Passenger service Eau Claire to St Paul

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Passenger service Eau Claire to St Paul
Posted by aricat on Wednesday, June 20, 2018 5:35 PM

I was pleased to read in the Minneapolis Star Tribune that there is a proposal to begin passenger service from Eau Claire Wisconsin to St Paul. They called it a public private partnership and no where was the word Amtrak used by the Star Tribune reporter. This passenger service is needed first of all. The proposal is to buy the trackage now operated by UP, double track the line, then use the line for both fast passenger service and UP freights. The plan was to run multiple passenger trains over the line as well as UP freights. The Eau Claire St Paul corridor is already a commuter corridor to the Twin Cities and there are lots of trucks on I-94. Eau Claire has not had passenger rail service since 1963. Western Wisconsin is growing.

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Posted by NP Eddie on Wednesday, June 20, 2018 9:52 PM

I am a bit skeptical about this plan as I can't see the UP (X-CNW) allowing the plan to happen. One is talking about lots money to double track this route and probably built another bridge across the St. Croix River. During the 1980's or so, the Mississippi River flooded and took out both the BN and Milw lines to LaCrosse. The CNW only allowed a certain number of detour trains on their tracks due to capacity issues.

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Posted by charlie hebdo on Wednesday, June 20, 2018 9:58 PM

NP Eddie

I am a bit skeptical about this plan as I can't see the UP (X-CNW) allowing the plan to happen. One is talking about lots money to double track this route and probably built another bridge across the St. Croix River. During the 1980's or so, the Mississippi River flooded and took out both the BN and Milw lines to LaCrosse. The CNW only allowed a certain number of detour trains on their tracks due to capacity issues.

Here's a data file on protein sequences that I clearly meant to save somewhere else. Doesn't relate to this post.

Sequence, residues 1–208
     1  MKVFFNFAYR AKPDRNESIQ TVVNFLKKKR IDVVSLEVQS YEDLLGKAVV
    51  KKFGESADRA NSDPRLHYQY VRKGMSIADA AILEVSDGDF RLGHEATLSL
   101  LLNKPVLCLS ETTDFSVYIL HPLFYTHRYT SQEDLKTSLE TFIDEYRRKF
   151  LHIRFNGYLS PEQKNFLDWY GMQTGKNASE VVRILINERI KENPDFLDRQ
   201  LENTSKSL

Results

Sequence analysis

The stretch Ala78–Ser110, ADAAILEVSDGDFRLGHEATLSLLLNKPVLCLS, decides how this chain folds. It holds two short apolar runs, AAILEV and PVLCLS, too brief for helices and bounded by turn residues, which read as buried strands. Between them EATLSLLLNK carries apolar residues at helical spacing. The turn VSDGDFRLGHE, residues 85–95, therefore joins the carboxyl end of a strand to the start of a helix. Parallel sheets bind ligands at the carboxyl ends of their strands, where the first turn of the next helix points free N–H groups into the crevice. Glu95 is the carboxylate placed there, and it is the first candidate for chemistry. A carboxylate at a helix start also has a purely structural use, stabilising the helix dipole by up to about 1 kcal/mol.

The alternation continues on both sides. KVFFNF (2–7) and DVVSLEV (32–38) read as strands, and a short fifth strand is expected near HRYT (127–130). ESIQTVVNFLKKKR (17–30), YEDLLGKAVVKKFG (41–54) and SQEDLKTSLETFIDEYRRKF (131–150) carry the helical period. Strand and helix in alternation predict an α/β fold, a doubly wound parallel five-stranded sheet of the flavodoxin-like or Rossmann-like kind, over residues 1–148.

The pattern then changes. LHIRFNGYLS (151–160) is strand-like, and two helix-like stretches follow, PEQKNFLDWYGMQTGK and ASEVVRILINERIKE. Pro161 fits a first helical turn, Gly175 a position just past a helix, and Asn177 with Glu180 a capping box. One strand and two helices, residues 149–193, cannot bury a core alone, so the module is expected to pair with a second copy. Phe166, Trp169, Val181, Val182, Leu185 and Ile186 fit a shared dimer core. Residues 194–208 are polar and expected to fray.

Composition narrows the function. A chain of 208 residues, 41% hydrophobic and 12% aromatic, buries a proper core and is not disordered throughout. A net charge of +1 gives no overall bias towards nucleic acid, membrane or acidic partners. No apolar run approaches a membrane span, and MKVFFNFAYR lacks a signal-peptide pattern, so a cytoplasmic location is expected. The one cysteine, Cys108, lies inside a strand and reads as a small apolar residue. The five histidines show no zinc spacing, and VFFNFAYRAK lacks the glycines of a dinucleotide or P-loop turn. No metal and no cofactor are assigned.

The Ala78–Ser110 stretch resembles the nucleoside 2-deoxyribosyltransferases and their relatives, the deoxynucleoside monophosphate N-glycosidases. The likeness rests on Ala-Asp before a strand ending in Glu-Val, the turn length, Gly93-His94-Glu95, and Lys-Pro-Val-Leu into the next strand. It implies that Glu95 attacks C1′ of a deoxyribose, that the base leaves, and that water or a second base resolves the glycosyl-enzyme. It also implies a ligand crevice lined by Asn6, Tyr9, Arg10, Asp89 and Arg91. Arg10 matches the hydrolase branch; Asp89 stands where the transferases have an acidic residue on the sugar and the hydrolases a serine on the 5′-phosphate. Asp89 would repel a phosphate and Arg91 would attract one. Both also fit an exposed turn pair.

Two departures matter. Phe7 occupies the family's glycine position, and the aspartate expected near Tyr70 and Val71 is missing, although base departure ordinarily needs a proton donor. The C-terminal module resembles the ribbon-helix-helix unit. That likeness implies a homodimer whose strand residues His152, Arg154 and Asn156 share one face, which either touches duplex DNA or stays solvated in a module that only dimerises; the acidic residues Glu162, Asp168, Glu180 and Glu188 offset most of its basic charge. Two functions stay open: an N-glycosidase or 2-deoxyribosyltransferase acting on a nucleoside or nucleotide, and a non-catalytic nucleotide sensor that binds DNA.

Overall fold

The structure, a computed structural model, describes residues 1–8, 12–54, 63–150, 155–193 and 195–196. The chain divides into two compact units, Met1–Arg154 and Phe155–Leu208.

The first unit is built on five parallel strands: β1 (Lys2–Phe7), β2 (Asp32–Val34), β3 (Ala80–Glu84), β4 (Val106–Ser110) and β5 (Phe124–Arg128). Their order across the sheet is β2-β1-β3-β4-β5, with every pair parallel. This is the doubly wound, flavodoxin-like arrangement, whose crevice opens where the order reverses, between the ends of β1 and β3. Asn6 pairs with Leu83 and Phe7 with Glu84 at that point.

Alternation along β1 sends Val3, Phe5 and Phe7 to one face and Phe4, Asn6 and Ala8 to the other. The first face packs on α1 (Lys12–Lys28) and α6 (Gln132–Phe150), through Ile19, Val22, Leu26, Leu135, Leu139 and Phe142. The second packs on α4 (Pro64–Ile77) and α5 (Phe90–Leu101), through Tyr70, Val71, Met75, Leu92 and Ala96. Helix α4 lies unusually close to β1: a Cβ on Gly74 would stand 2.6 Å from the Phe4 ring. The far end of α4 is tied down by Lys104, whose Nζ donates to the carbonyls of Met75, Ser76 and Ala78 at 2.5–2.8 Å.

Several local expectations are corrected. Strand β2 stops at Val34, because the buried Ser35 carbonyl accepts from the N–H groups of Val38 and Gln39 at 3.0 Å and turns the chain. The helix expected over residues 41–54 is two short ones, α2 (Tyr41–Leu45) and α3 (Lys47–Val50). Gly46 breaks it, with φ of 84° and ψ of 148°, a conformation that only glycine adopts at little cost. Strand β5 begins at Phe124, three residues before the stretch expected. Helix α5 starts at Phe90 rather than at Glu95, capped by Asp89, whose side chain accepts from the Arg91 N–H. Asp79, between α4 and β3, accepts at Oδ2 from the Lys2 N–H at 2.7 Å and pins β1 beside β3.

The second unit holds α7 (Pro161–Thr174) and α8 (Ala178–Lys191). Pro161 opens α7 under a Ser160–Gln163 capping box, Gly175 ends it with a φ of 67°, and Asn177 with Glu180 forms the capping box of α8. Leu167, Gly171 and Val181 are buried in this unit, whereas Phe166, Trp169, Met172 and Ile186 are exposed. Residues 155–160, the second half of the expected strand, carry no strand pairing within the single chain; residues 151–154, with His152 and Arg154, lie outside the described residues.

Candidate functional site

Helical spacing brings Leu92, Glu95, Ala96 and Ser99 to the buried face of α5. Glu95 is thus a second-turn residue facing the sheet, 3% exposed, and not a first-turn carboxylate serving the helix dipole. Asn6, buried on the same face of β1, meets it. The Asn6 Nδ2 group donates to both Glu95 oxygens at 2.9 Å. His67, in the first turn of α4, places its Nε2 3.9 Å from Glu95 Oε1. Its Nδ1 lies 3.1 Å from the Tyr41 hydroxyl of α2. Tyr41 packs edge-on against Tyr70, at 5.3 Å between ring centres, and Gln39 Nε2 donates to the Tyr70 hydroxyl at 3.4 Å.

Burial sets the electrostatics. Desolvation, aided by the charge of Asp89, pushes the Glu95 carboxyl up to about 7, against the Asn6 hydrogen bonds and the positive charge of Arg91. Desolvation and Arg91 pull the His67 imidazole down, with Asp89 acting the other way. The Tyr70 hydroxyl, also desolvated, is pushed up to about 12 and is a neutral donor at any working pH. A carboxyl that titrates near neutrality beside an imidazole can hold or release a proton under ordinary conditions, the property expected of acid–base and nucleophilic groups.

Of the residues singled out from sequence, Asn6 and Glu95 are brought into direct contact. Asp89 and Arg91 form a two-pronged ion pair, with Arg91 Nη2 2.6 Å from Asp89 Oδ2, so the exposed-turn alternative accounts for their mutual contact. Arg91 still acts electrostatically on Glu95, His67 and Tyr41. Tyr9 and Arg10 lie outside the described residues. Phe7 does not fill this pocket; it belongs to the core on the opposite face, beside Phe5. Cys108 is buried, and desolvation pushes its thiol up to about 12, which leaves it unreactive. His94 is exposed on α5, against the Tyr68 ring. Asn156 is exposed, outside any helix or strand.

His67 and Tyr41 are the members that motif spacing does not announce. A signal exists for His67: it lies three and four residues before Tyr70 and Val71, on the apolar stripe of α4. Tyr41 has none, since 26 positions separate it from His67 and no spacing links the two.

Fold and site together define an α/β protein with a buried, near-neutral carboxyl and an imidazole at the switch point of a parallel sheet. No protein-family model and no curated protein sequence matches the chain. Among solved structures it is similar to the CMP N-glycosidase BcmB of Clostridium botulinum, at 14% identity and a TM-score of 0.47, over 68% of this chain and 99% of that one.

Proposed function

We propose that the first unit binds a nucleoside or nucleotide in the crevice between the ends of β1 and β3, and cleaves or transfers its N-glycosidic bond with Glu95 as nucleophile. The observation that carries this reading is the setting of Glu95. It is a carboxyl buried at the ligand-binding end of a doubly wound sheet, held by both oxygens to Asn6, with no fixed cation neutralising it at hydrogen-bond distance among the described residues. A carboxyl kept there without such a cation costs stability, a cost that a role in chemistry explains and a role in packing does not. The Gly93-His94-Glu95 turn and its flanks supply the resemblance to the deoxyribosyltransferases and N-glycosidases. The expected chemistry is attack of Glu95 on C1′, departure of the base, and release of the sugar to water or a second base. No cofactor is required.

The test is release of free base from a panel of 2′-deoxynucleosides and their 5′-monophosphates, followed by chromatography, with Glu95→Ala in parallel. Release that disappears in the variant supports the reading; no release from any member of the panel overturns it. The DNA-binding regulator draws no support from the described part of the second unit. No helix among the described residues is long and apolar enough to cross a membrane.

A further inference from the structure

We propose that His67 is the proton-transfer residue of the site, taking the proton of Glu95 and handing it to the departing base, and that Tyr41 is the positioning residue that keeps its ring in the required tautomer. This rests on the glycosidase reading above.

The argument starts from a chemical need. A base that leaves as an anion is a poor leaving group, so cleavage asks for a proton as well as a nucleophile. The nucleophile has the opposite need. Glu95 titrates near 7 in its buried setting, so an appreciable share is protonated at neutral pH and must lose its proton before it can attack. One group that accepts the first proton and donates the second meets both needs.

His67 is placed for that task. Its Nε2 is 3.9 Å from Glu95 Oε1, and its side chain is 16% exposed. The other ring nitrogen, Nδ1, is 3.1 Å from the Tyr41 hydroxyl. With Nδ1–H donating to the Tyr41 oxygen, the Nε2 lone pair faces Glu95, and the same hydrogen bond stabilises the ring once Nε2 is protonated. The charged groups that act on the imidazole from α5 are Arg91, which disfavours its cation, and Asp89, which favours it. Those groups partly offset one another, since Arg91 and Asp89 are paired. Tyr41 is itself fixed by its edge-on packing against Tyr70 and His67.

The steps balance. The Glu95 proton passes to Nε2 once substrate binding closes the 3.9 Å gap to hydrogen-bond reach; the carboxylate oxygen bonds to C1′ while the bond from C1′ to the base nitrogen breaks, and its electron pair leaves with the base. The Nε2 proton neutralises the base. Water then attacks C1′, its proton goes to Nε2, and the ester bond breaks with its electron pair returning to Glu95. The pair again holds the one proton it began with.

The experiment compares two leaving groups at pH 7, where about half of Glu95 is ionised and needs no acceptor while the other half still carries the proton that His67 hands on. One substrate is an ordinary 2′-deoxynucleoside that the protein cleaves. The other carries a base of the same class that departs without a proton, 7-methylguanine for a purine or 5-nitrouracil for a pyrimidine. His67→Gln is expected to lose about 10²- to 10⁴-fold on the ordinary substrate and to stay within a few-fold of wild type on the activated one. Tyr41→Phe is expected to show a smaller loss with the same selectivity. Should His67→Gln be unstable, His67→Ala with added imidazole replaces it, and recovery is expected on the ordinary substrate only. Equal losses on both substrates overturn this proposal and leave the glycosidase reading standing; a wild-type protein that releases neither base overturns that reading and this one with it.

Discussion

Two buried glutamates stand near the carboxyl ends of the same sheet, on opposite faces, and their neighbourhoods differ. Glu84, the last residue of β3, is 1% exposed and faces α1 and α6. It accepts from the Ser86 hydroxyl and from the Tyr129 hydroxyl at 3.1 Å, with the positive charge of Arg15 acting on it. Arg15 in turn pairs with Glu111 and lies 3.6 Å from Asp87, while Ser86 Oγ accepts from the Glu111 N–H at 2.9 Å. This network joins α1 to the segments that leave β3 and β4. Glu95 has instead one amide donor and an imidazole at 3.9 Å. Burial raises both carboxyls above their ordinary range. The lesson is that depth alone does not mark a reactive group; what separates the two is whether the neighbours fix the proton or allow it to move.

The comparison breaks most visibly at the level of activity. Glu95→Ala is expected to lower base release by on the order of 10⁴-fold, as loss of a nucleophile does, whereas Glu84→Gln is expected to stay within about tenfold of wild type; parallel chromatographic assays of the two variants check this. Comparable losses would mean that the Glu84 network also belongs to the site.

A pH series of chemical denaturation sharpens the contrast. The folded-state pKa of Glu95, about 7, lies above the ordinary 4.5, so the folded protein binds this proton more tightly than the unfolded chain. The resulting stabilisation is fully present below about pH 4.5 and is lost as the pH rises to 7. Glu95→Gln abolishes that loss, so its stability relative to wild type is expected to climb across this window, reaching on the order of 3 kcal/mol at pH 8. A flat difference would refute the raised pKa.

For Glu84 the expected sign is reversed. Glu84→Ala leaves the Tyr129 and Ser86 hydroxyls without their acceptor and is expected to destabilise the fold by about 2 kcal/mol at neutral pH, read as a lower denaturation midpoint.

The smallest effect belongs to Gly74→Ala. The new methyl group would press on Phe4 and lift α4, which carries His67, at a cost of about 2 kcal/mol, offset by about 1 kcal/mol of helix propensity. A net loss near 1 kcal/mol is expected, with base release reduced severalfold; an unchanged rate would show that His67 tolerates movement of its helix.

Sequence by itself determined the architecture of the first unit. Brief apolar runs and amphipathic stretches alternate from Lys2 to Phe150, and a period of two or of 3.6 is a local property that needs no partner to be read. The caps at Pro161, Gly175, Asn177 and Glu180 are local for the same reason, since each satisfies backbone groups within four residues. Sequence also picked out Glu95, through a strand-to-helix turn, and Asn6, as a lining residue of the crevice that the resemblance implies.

Why would the UP refuse when the two states or some local districts would pay for the double tracking etc. by buying it?  If they blocked this, possibly the threat of eminent domain would help change their mind?

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Posted by Gramp on Wednesday, June 20, 2018 10:31 PM

Not much population for so much cost.  

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Posted by CSSHEGEWISCH on Thursday, June 21, 2018 6:44 AM

Based on the current political climate in Wisconsin, I don't foresee any public money coming for this proposal any time soon. 

The daily commute is part of everyday life but I get two rides a day out of it. Paul
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Posted by CMStPnP on Thursday, June 21, 2018 4:48 PM

CSSHEGEWISCH
Based on the current political climate in Wisconsin, I don't foresee any public money coming for this proposal any time soon. 

.......and yet they are working on a $250 million proposal to expand Chicago to Milwaukee rail passenger service.   

 

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Posted by PNWRMNM on Thursday, June 21, 2018 4:53 PM

The original article says the proponent is an Eau Claire based non profit that has been talking about this for 20 years, and is proudly described by one of its consultants as "a real grass roots effort".

Cost to build the line, the reporter's misunderstanding of the need to add second main track is reported to range from $100 to $250 million, and fares "will likely cover the cost of operatig it". My comment is the capex is far too low. 85 miles at $10 million per mile is $850 million. I guess they believe in the track fairy. In that case the real amount is irrelevant.

Airicat can not read. There is NO proposal to buy the line from the UP reported in the story.

In answer to Charlie Hebdo, the UP is very unlikely to sell because they would give up control, that is dispatching, in such a deal. That is selling the birth right for a mess of pottage, a very bad idea. UP has a herd of lawyer to fight any eminent domain threat and it would never get that far. UP would probably be happy to run the train if they got paid enough to do so.

This is not a serious project, it is not even a proposal. Go back to sleep on this one.

Mac

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Posted by charlie hebdo on Thursday, June 21, 2018 6:38 PM

PNWRMNM